Mumbai: Jet Airways (India) Ltd has objected to a patent claim filed in India by British airline Virgin Atlantic Airways Ltd for the design and technology used in its upper-class seats.
Hot seat: A Jet Airways first-class cabin. The airline, with flatbeds in its first and business class in overseas flights, will have to reconfigure its premium sections in case Virgin gets a patent for the seat design in India. AFP
In a pre-emptive action, Jet Airways has moved a pre-grant opposition to a patent application filed at the Chennai patent office by Virgin Atlantic for the design and technology of the flatbed seat and the so-called herringbone configuration used in its upper class.
Brtish Airways (BA) was the first to introduce a herringbone layout, with seats facing outwards. Virgin introduced an inward-facing herringbone layout, in which the seats faced the aisle of the aircraft.
The upper class of Virgin is the equivalent of first class and business class on other carriers. Virgin Atlantic, promoted by Richard Branson, holds a patent and design rights for the flatbed seating system in several countries, including the UK.
Naresh Goyal-promoted Jet Airways offers similar flatbed and wider seats in its first and business classes on long-haul international routes to the UK, the US and Singapore.
A Jet Airways executive confirmed the carrier has moved against Virgin Atlantic’s patent application. He did not want to be identified as the case is before the authorities.
An email sent on 21 January to Virgin remained unanswered; the India representative was unavailable in subsequent phone calls, while calls made to her mobile phone were also not answered. A Jet Airways spokesperson declined to comment.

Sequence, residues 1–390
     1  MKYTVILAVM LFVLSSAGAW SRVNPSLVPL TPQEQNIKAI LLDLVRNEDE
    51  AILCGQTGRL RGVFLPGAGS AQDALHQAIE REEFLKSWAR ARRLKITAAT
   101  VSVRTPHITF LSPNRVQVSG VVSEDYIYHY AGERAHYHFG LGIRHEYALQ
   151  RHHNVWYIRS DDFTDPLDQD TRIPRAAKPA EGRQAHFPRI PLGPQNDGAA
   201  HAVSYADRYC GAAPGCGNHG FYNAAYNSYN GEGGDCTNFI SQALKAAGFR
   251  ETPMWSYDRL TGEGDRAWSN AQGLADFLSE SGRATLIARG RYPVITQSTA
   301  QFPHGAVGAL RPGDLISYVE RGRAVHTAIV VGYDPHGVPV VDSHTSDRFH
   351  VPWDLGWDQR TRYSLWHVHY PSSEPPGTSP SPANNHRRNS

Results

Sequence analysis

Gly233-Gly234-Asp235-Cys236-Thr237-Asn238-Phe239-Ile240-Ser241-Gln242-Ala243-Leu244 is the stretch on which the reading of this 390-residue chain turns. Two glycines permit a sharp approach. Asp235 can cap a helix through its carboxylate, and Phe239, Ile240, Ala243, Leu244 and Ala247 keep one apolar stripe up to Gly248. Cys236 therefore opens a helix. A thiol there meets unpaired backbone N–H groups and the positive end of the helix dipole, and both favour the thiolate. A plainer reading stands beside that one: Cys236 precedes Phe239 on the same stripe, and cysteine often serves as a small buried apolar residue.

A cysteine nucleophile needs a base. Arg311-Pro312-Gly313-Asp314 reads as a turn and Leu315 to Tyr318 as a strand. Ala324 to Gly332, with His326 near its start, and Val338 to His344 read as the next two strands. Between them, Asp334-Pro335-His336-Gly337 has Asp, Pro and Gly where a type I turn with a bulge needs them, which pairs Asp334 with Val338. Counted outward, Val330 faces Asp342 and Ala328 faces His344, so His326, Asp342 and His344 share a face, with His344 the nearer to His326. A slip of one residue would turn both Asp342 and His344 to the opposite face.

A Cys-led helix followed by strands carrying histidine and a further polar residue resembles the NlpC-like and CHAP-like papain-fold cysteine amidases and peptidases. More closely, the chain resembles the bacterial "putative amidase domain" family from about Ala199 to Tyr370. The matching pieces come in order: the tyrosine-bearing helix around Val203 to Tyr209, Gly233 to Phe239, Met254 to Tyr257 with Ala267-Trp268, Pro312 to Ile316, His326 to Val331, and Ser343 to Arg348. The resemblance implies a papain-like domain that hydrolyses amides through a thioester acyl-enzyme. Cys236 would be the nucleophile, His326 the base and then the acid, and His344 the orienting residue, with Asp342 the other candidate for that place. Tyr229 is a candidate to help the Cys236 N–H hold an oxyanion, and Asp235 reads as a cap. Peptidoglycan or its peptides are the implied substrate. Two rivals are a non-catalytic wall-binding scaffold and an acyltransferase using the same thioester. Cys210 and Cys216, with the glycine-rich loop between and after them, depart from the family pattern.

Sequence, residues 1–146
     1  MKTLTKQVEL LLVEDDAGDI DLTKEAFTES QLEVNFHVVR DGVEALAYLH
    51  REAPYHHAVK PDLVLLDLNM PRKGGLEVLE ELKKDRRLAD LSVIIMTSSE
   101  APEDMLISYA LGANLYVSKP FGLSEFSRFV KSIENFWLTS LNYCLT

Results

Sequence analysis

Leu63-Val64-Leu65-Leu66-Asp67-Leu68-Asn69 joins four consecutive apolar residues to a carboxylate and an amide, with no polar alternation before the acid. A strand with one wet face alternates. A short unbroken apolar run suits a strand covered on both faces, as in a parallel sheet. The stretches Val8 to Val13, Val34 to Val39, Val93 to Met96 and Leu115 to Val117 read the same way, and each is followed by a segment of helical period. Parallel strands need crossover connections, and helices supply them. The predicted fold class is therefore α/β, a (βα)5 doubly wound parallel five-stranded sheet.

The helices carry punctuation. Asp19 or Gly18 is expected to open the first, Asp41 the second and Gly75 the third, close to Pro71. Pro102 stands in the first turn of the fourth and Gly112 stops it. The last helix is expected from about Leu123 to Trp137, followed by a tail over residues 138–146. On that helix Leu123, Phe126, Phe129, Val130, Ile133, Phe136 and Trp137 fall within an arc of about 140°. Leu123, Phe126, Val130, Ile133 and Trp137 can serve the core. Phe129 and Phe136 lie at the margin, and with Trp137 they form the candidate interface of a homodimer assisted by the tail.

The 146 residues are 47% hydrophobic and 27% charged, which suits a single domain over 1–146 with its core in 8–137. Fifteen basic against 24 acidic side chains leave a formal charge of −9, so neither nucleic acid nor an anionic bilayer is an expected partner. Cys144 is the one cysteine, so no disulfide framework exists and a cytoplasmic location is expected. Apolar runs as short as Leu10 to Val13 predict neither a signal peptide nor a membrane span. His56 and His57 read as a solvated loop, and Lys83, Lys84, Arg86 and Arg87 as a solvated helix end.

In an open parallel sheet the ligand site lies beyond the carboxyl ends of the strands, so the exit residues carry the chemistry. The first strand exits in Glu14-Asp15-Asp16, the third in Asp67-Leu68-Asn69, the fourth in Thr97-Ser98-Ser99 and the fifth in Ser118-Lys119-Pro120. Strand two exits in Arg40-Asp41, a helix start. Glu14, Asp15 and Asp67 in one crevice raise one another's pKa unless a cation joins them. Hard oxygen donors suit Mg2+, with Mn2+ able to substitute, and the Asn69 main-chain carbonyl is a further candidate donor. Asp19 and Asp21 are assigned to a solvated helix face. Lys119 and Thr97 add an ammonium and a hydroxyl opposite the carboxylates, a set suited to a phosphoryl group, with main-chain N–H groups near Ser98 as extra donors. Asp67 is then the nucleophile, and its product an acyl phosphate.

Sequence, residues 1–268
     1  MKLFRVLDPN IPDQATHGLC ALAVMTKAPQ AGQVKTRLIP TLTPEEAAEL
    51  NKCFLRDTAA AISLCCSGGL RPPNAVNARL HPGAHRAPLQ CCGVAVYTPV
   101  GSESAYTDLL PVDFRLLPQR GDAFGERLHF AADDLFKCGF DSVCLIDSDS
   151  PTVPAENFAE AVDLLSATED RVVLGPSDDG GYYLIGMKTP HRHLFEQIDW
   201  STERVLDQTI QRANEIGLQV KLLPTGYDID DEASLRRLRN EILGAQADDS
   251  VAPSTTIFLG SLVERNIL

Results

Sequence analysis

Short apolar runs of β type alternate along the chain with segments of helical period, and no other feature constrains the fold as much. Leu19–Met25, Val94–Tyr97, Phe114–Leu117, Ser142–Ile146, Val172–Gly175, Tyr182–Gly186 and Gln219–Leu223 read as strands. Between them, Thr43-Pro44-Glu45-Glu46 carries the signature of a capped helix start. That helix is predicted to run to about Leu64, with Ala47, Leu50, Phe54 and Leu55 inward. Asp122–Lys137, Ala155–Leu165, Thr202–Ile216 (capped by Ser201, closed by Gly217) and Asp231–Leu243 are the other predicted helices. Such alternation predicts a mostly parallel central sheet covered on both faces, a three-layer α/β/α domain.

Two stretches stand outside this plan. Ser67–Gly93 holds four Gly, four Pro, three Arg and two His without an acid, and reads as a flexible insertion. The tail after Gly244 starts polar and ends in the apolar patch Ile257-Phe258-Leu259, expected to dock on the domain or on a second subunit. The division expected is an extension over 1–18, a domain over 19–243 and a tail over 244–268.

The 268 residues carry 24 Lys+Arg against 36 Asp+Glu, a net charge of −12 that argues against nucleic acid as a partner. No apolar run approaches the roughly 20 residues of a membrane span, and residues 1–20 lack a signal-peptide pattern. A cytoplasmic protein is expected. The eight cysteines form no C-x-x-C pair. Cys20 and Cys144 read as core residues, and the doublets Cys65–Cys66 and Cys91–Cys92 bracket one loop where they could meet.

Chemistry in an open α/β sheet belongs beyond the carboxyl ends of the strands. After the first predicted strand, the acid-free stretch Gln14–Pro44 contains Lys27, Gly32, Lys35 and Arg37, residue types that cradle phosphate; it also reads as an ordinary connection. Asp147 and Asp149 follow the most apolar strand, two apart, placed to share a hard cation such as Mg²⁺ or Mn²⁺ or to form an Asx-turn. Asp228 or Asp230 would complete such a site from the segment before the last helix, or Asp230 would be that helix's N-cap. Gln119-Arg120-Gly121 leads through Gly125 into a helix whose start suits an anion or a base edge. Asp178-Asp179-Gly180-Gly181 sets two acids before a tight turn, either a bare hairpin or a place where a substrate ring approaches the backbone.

Jet Airways had unveiled its new first-class seats in 2007.
Being the priciest, first and business classes are critical revenue earners for airlines that try to provide such fliers with the best possible amenities, including more space. For example, each first-class suite on Jet Airways—made by Britain’s BE Aerospace Plc—has 26 sq. ft of usable space, and has sliding doors for privacy.
Virgin Atlantic’s fight over the seats goes back to 2007, when it initiated legal proceedings against Premium Aircraft Interiors UK Ltd, known as Contour, the firm that designed the airline’s flatbed seats. The airline alleged that Contour had sold copies of the design to rivals, including Jet Airways, Delta Air Lines Inc. and Cathay Pacific Airways Ltd, and that it was suing for infringement of patent. Contour had also made the flatbeds for BA.
A UK patents court on 21 January 2009 ruled against Virgin Atlantic, saying it had “failed to prove that Contour copied its designs”. In October, however, an appellate court reversed that order, saying the patent was valid and had been infringed.
A patent grant to Virgin in India will be a setback for Jet as it will have to reconfigure its first-class and business-class sections. Any change in first-class configuration will take at least three-four months.
Jet Airways has 22 aircraft, comprising 10 Boeing 777s and 12 Airbus A330s, which use such seats, with eight first-class seats on the Boeings and at least 30 business-class seats in both the aircraft.
“My client has opposed Virgin Atlantic patent claims here, on the ground that this design and technology has been in the public domain since long, and it is not qualified for patent grant under the restrictive provision of prior art,” said Laxmi Kumaran, a patent lawyer and partner at New Delhi-based law firm Laxmi Kumaran and Associates, which is representing Jet Airways in the matter.
An early January hearing has been adjourned to February after Virgin sought more time to reply.
Shamnad Basheer, professor in intellectual property law at National University of Juridical Sciences in Kolkata, said, “Since prior art is the ground for opposition, Virgin’s claims can be disqualified due to lack of novelty, and known obviousness.”
Denial on grounds of prior art means any invention that is known and in use before the date of the patent application (in India) will not be granted a patent. Similarly, if the previously known invention has been modified or innovated on later for the new claim, it can also be denied a patent right if the modification was obvious and could have been anticipated at the time of the first invention, according to Basheer.